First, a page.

(#168) Who is Defining Your Brand?

Whatever you do this week (month, year and beyond),
make sure it is excellent. How do you stand out and
take control of your brand?

 In an article posted on LinkedIn (“How to Quit Like a Boss”), Liz Ryan describes how a young hotel worker quit his job.  What made the rather mundane event stand out was that this young man did it with the help of a marching band!  Ryan saw it as a stroke of personal-branding genius.

While some may disagree with the method (one friend of mine posted that “being a disrespectful attention-seeker is hardly a role model trait”), it did have an impact on this person’s brand.

The article and video reminded me of a book by Tom Peters.

brand you 50

In Reinventing Work: The Brand You 50 (NY: Alfred A. Knopf, 2001), Peters argues that we are all a package and we must make sure that we take care of the package and the message it sends. He asks:

“Who are you, anyway?  What words and phrases come to mind? 
Skills? Personal traits? What’s distinct? What separates you from
the masses?”  Why should anyone invest in you?”  (47-48)

The “invest” here could mean invest money in your entrepreneurial adventure, hire you for a job, or give you the leadership role on a company or school team.  What is it that makes you stand out from the crowd? The young man with his marching band resignation stood out.  It is up for debate whether that helps or hinders his next (or subsequent) career move. Will he be toasted–or will he be toast?

Photo: Steve Piscitelli

Steve Piscitelli

What is not up for debate is that he has created a digital tattoo with the video.  It is now (at least in the foreseeable future) part of the package—the brand—he has created.  (At this writing, the video has nearly 4 million views.  More than 26,000 likes have been tallied; a little over 600 dislikes.)

So what brand are you creating each day? Even if you feel as though you are in a “dull” job, how do you do that job?  Consider a day at work or in the classroom.  Consider the meetings you attend.  What image do others see you portray: bored, engaged, boastful, collaborative, complacent, curious, fretful, negative, optimistic, validating, thoughtful, or self-absorbed? Do you see opportunities where others see humdrum?

Video recommendation for the week:

Our life is the sum or those little actions we consistently do. Yes, we all have bad days; off days. But generally, what is the package you have created for others to see? And are you satisfied with this?

Let’s finish with a short exercise.  Borrowing from Peters’ work, answer the following questions:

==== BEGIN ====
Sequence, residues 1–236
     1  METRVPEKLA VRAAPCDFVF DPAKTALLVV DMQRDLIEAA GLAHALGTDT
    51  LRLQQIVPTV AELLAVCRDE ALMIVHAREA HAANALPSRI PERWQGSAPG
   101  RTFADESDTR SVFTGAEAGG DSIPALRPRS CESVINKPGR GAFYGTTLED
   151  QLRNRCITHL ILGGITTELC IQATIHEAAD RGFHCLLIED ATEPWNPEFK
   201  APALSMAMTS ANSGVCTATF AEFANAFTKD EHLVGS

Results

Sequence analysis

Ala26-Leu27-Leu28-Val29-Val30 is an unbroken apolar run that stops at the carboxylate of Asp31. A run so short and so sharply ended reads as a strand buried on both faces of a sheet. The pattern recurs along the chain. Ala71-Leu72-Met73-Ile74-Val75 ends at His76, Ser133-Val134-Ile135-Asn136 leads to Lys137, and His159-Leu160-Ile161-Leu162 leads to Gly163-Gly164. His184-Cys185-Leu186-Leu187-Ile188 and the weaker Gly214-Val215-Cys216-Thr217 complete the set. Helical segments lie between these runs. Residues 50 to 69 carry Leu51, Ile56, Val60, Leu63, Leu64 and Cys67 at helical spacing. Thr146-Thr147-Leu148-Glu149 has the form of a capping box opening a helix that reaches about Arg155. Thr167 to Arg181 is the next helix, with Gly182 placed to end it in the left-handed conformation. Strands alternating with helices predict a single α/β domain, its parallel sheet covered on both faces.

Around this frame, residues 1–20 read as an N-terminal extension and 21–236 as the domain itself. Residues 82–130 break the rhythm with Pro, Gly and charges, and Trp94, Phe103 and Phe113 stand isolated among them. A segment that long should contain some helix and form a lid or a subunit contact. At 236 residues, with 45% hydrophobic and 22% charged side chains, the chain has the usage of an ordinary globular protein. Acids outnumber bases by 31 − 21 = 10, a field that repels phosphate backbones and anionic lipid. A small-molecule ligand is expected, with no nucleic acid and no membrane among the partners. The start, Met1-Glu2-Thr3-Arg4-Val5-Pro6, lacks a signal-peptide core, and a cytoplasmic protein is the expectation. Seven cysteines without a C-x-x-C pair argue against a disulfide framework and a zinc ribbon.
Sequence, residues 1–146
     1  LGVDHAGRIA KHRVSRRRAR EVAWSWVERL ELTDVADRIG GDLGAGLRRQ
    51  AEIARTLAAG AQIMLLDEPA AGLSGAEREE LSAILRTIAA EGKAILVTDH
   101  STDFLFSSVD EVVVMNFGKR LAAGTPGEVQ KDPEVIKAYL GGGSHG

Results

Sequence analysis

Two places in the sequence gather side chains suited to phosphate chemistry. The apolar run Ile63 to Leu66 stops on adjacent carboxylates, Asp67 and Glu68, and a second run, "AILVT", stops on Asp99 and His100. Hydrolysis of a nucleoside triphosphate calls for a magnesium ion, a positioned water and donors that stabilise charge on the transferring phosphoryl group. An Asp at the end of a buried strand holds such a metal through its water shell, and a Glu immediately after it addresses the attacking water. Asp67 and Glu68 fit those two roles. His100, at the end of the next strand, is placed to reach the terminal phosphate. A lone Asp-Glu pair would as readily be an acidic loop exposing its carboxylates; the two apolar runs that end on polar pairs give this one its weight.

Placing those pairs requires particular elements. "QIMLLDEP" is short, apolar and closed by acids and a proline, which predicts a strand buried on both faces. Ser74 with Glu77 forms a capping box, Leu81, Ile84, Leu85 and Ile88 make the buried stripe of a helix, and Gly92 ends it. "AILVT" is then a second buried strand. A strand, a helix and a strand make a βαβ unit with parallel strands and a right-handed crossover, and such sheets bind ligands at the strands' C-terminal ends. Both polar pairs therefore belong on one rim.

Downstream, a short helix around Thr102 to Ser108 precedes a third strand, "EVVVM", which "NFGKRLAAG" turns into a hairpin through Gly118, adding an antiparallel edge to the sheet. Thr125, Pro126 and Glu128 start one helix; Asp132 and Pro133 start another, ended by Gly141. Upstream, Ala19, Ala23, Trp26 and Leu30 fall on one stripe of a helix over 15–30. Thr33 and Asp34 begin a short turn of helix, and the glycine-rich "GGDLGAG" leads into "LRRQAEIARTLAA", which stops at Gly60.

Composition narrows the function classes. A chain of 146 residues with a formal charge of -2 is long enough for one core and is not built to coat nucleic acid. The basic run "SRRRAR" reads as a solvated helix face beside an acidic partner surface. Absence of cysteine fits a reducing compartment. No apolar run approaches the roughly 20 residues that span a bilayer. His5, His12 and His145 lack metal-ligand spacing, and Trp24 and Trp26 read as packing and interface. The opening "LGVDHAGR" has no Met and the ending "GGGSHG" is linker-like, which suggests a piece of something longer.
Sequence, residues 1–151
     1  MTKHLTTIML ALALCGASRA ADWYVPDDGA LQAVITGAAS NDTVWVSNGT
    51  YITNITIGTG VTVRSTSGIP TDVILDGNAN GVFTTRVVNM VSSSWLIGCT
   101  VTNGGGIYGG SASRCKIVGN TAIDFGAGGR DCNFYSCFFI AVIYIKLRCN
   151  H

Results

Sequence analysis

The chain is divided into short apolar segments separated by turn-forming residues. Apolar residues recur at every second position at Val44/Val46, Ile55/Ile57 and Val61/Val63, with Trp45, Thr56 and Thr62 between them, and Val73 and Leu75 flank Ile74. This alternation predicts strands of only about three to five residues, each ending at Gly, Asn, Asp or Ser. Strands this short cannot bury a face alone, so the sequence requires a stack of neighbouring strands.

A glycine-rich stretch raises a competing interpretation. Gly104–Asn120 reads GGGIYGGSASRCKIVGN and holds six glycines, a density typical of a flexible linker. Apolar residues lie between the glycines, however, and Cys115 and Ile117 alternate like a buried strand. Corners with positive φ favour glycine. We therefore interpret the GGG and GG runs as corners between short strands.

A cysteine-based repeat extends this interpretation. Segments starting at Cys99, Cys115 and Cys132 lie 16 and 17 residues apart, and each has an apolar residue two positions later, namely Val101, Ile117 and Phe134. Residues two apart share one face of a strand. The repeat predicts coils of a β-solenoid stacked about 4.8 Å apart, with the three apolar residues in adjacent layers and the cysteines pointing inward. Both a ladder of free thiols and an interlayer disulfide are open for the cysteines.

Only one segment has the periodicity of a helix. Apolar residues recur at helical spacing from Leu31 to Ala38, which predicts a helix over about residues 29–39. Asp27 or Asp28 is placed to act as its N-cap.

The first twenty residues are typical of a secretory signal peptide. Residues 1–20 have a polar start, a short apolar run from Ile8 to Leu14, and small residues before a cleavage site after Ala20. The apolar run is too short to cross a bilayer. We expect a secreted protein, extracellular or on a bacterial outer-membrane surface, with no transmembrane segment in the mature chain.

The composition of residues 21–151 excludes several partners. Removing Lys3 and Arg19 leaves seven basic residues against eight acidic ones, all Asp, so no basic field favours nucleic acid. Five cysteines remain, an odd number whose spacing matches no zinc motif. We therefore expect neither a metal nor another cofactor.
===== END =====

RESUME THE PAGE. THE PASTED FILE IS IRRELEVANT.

• When people observe you interact in business meetings and personal gatherings, what words or phrases do you think they would use (or do use) to describe you?
  • What distinct skills and personal traits do you have?
  • What separates you from the masses?

Once you write your answers, ask a few trusted colleagues or mentors for feedback. Remember, if you ask for feedback, don’t get angry if you don’t like the what you hear!

I recently read about a company that, to shake things up, required applicants who reached the interview stage to put their resumes into PowerPoint format, present it, and defend it!  (This could be an effective way to interview prospective faculty members.  We would get to see their creativity, presentation skills, ability to think on their feet, and insights into how they see themselves.)  How would you reduce your career history to a PowerPoint presentation? What personal brand would be obvious? What images and words would you use?

Whatever you do this week (month, year and beyond), make sure it is excellent.  Take control of your brand.

Choose well. Live well. Be well—and H.T.R.B. as needed!

On Friday, September 13, I will offer my next webinar. The topic: Supporting Our Adjunct Faculty: The Forgotten Teachers of Academia.   Take advantage of this complementary offering.  Click here to register now for the webinar.  Or go to my website for registration information. 

Thank you for taking the time to read my blog post. Please share it (and any of the archived posts on this site) with friends and colleagues. You also can follow me on Twitter, LinkedIn, and Facebook. If you get a chance, visit my Facebook page and join in–or start–a conversation (www.facebook.com/stevepiscitelli).  If you have suggestions for future posts, leave a comment. Make it a wonderful week!

 ©2013. Steve Piscitelli

About stevepiscitelli

Community Advocate-Author-Pet Therapy Team Member
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